Batch processes interacting with ROR data

The application I am working on needs a nightly process to comb through
the database and make periodic changes.

What is the best way to implement a script in order to leverage the
existing database connection management and active record
functionality?

Thanks.

Dan M. wrote:

The application I am working on needs a nightly process to comb through
the database and make periodic changes.

What is the best way to implement a script in order to leverage the
existing database connection management and active record
functionality?

Tell the OS to periodically run a script using ‘cron’, or the Task
Manager,
or some derivative therof. Some are called ‘at’.

The script may run something like this:

ruby script/runner “load(‘my_batch.rb’)”

my_batch.rb then contains a batch of Ruby, enjoying the complete Rails
context. IIRC.

There might be other ways to invoke the runner script. --help didn’t
confess
them.


Phlip
http://www.greencheese.us/ZeekLand <-- NOT a blog!!!

Thanks Phlip,

I have no problem with the scheduling of the script. I really want to
understand how people are writing the scripts themselves share the
existing database connections and use active record. For instance:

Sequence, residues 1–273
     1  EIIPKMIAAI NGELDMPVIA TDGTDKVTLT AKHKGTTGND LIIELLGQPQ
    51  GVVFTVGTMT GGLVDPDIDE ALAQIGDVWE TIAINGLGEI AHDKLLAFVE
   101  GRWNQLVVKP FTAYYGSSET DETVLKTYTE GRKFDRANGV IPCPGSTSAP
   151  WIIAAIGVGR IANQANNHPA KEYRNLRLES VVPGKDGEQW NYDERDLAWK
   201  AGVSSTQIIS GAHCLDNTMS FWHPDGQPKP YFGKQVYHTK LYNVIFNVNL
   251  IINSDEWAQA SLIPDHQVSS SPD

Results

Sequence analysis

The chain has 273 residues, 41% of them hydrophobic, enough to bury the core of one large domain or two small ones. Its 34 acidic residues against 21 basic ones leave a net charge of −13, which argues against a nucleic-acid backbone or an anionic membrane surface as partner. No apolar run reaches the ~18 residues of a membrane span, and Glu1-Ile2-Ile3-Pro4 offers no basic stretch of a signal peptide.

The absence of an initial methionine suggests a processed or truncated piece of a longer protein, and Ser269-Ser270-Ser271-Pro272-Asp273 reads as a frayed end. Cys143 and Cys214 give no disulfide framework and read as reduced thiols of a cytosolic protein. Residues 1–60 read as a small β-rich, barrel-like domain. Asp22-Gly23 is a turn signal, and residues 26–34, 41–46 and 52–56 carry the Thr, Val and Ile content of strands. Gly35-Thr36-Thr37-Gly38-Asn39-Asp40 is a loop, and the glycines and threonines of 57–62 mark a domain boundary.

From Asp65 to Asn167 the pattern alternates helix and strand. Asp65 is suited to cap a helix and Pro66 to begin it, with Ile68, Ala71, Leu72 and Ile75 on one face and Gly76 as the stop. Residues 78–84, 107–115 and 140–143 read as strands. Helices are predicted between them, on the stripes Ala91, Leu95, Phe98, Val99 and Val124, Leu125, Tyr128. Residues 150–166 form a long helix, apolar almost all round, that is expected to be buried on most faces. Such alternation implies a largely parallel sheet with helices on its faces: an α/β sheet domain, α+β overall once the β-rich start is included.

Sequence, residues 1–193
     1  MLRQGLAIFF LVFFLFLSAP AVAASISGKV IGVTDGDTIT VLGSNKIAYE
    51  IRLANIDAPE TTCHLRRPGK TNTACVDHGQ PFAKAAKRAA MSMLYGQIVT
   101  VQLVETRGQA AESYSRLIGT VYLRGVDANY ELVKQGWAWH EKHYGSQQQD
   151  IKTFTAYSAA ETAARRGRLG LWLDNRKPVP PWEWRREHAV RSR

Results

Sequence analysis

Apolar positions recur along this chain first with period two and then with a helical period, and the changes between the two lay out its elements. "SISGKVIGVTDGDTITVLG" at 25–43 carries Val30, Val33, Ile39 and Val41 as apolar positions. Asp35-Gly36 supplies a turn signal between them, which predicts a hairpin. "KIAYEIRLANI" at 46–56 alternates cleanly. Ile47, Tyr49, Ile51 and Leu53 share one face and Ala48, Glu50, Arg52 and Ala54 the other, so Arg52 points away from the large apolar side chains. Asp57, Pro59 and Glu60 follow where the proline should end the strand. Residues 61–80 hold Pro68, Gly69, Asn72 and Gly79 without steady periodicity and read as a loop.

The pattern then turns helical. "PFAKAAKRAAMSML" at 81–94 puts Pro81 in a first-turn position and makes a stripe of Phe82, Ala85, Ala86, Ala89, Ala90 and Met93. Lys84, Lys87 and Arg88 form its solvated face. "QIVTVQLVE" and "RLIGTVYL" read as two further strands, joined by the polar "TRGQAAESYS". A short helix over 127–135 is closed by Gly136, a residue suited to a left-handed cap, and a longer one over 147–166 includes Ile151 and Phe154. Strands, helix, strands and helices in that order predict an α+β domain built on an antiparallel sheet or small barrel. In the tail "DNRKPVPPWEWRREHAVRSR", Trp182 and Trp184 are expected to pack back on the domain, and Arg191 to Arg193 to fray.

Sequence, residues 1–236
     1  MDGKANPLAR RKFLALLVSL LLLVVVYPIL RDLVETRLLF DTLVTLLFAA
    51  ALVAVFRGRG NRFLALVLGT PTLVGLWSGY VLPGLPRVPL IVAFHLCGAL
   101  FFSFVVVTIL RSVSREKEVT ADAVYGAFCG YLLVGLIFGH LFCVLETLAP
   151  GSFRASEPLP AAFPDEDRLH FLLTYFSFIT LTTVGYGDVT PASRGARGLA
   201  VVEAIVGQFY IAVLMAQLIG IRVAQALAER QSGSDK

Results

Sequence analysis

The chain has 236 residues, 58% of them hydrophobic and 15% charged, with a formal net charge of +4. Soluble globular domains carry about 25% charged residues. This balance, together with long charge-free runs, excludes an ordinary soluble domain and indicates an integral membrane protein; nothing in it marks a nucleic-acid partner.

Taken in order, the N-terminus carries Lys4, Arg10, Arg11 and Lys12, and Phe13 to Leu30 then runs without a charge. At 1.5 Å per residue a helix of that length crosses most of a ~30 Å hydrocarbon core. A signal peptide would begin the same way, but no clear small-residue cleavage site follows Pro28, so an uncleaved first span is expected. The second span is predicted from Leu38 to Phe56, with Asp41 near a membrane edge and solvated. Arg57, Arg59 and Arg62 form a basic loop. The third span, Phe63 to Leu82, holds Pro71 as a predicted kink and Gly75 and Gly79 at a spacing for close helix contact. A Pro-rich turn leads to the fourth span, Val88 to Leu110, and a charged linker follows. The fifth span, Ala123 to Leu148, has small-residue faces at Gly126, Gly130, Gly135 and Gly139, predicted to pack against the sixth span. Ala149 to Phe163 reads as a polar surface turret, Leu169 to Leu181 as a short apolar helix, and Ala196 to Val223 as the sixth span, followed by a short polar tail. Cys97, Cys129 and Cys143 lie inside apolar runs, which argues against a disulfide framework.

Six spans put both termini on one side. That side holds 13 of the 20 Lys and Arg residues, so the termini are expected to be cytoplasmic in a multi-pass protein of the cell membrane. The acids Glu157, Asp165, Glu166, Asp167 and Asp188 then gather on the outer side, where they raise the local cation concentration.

1. Periodic web service invocation.
  2. External script.

Thanks,
Dan

Fred wrote:

I think you’re looking for difficulties where there are none.
The script run by cron (for example) will have its own database
connection, just as each of your mongrels/fcgi listeners has one, and
can use ActiveRecord just as your controllers would or you would from
script/console.

I solved that one, and re-used the connection. I did it the extra-sick
way.
I wrote a private action, available only in non-production mode, and
then I
hit it with a simulated web browser.

There’s a less-sick way, right?

But all the pieces were just laying around, tempting me, saying “put me
together like thiiiiis!!”


Phlip
http://www.greencheese.us/ZeekLand <-- NOT a blog!!!

There are examples of how to use ActiveRecord outside of rails in the
Rails Recipes book, it may be of use.

Dan M. wrote:

Thanks Phlip,

I have no problem with the scheduling of the script. I really want to
understand how people are writing the scripts themselves share the
existing database connections and use active record. For instance:

  1. Periodic web service invocation.
  2. External script.

This is Rails - you don’t share anything other than the database
itself. Batch scripts and offload scripts run in their own separate
process space unhindered by the Web facing application processes.

NeilW

I think you’re looking for difficulties where there are none.
The script run by cron (for example) will have its own database
connection, just as each of your mongrels/fcgi listeners has one, and
can use ActiveRecord just as your controllers would or you would from
script/console.

Fred

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